God made my life complete when I placed all the pieces before him. Psalm 18:20 MSG
Because, in the words of Pope Benedict XVI, art has the ability to:
“speak to the heart of humanity, to touch individual and collective sensibilities, to call forth dreams and hopes, to broaden the horizons of knowledge and of human engagement.”
These pieces of art by the Nigerian artist El Anatsui are made from discarded liquor bottle caps. On a walk one day he came across a trash bag of these caps, brought them back to his art studio, and began to create art tapestries by linking them together with copper wire.
But the art is more than art to El Anatsui:
He also feels a connection between Europe, Africa and the Americas . . . because alcohol was an item traded for human slaves.
The destructive effects of alcohol have fueled abuse of many humans all over the world, destroyed many a family, and left many discarded hearts with sorrows, wounds, and lingering regret.
I stood in front of the first piece of art and cried, for how alcohol has created brokenness in my own world. As I moved to listen to other pieces, I cried for how alcohol continues to create brokenness in our world.
Just this morning I read a news article of a teenage girl who drank too much at a party, and in a semi-conscious state was stripped naked and abused by two drunk teen boys. Nobody at the party stopped it.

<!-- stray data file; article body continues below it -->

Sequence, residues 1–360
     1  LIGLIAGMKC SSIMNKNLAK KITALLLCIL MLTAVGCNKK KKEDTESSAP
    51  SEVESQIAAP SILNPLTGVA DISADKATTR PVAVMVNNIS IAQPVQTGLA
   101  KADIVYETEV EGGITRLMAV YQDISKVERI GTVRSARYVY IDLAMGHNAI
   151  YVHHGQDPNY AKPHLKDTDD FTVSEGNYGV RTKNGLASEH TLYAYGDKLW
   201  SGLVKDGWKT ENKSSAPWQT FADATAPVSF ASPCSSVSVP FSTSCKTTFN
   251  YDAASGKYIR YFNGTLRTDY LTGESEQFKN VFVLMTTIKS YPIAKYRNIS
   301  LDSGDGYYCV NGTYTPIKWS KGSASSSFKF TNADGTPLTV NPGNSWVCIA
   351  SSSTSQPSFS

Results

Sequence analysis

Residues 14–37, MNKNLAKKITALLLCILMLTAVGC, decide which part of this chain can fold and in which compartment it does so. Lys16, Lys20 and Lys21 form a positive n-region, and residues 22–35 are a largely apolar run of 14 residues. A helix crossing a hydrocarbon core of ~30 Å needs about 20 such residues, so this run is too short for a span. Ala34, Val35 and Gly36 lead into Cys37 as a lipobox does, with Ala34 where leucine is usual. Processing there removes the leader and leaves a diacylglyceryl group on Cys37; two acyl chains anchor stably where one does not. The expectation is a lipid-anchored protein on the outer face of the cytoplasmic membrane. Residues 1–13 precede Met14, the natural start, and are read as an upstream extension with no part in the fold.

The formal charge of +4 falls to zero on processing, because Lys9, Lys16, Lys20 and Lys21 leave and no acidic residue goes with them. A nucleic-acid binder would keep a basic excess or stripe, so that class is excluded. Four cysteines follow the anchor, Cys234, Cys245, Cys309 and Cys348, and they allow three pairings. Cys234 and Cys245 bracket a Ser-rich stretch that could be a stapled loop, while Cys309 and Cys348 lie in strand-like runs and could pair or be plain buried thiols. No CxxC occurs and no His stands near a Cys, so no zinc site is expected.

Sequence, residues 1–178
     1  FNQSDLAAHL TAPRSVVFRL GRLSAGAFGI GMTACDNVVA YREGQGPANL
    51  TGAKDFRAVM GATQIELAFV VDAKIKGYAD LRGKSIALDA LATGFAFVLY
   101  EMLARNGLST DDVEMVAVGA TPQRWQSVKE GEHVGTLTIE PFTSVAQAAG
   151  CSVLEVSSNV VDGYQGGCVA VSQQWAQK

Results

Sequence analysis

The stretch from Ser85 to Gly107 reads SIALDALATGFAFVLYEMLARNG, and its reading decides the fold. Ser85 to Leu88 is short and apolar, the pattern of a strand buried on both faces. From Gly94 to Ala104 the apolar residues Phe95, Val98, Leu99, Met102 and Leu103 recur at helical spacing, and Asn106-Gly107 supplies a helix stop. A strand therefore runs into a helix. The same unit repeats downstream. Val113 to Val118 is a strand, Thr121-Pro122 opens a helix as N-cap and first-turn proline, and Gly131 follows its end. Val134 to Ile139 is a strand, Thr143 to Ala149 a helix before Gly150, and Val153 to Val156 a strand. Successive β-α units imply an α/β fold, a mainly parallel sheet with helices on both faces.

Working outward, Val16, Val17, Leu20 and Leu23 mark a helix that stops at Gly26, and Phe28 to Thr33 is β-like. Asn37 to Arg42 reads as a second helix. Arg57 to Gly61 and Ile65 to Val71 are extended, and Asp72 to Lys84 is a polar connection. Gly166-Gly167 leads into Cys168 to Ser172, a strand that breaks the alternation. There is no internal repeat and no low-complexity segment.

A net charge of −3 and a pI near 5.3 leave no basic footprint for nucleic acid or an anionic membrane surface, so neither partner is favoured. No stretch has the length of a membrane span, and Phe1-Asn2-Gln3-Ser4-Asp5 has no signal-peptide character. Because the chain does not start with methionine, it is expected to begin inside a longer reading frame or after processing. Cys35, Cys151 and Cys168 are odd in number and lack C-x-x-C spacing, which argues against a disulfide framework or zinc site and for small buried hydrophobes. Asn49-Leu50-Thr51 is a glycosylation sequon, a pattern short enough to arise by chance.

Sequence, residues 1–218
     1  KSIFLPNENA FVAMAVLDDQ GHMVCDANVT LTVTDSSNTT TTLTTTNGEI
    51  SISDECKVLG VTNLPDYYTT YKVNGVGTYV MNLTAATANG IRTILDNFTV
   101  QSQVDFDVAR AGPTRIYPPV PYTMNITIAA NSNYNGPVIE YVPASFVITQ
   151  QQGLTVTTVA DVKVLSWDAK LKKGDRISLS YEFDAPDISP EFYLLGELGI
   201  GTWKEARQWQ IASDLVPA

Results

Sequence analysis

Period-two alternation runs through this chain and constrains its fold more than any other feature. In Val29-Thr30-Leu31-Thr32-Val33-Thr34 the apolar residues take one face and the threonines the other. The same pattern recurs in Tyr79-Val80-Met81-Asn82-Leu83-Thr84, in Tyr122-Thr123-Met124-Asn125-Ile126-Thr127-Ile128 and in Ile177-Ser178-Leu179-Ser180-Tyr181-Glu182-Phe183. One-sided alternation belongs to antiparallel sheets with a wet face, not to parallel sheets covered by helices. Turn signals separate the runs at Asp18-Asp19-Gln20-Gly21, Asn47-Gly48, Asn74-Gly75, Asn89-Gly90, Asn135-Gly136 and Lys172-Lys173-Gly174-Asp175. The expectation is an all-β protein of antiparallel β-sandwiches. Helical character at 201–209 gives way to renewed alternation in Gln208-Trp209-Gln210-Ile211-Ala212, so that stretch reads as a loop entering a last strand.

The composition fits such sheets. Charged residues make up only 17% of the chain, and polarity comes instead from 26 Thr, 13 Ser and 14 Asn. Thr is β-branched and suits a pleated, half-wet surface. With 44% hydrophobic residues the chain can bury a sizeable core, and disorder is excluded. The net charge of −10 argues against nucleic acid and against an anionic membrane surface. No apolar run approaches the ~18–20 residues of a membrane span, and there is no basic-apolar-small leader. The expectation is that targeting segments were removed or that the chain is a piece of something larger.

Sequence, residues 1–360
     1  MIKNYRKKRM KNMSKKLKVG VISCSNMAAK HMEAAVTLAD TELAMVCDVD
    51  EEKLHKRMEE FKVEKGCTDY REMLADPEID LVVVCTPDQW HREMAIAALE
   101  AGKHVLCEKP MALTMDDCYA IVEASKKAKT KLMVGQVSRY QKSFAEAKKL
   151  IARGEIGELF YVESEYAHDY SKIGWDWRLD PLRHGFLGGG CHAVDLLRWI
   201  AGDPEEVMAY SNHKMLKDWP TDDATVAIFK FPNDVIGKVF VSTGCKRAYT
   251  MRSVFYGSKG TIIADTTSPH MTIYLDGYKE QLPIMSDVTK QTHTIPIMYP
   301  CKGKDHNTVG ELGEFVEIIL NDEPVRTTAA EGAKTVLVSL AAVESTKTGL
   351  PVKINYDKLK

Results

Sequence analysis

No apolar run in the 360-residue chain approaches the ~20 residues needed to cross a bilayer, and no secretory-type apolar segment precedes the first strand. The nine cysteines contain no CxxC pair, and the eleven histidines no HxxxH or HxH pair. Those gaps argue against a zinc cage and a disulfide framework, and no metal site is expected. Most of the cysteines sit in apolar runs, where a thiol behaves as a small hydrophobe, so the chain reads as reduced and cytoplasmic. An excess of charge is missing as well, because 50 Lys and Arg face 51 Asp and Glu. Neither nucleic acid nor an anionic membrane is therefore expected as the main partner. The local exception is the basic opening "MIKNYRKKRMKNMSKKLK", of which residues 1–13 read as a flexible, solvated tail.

I wonder, if she could see this piece of art, would she see the small piece of it that is the story of her life–rewoven into a tapestry of hope, beauty and new life?
Would she, could she, see how much more the divine artist–THE creator, God–can take the pieces of brokenness in all our lives and weave them into a tapestry of such beauty?
I cry more. Perhaps, just perhaps, this is a small glimpse of the beauty of heaven . . . where all brokenness is redeemed, all the stories of our lives are joined, and every discarded remnant of pain turns to joy.
Where we become beauty from brokenness.
I pray you hear the hope in this art today–the hope for the beauty that can be wrought from the broken pieces of your life and mine.
The art of El Anatsui is currently on exhibit at:
The Brooklyn Museum through August 4, 2013
The University of Michigan Museum of Art through May 5, 2013
Meet El Anatsui and see more of his art on this short video:
More Beauty from Brokenness: